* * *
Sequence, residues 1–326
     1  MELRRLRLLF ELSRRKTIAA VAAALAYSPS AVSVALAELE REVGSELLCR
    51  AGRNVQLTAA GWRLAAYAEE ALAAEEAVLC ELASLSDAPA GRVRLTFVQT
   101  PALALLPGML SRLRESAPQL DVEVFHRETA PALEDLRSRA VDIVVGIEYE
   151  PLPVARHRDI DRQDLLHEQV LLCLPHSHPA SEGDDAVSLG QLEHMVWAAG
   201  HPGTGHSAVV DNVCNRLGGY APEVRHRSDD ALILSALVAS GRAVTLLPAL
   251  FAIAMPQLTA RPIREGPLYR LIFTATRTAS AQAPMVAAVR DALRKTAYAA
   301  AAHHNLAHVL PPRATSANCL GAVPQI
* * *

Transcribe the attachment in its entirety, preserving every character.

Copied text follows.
Sequence, residues 1–326
     1  MELRRLRLLF ELSRRKTIAA VAAALAYSPS AVSVALAELE REVGSELLCR
    51  AGRNVQLTAA GWRLAAYAEE ALAAEEAVLC ELASLSDAPA GRVRLTFVQT
   101  PALALLPGML SRLRESAPQL DVEVFHRETA PALEDLRSRA VDIVVGIEYE
   151  PLPVARHRDI DRQDLLHEQV LLCLPHSHPA SEGDDAVSLG QLEHMVWAAG
   201  HPGTGHSAVV DNVCNRLGGY APEVRHRSDD ALILSALVAS GRAVTLLPAL
   251  FAIAMPQLTA RPIREGPLYR LIFTATRTAS AQAPMVAAVR DALRKTAYAA
   301  AAHHNLAHVL PPRATSANCL GAVPQI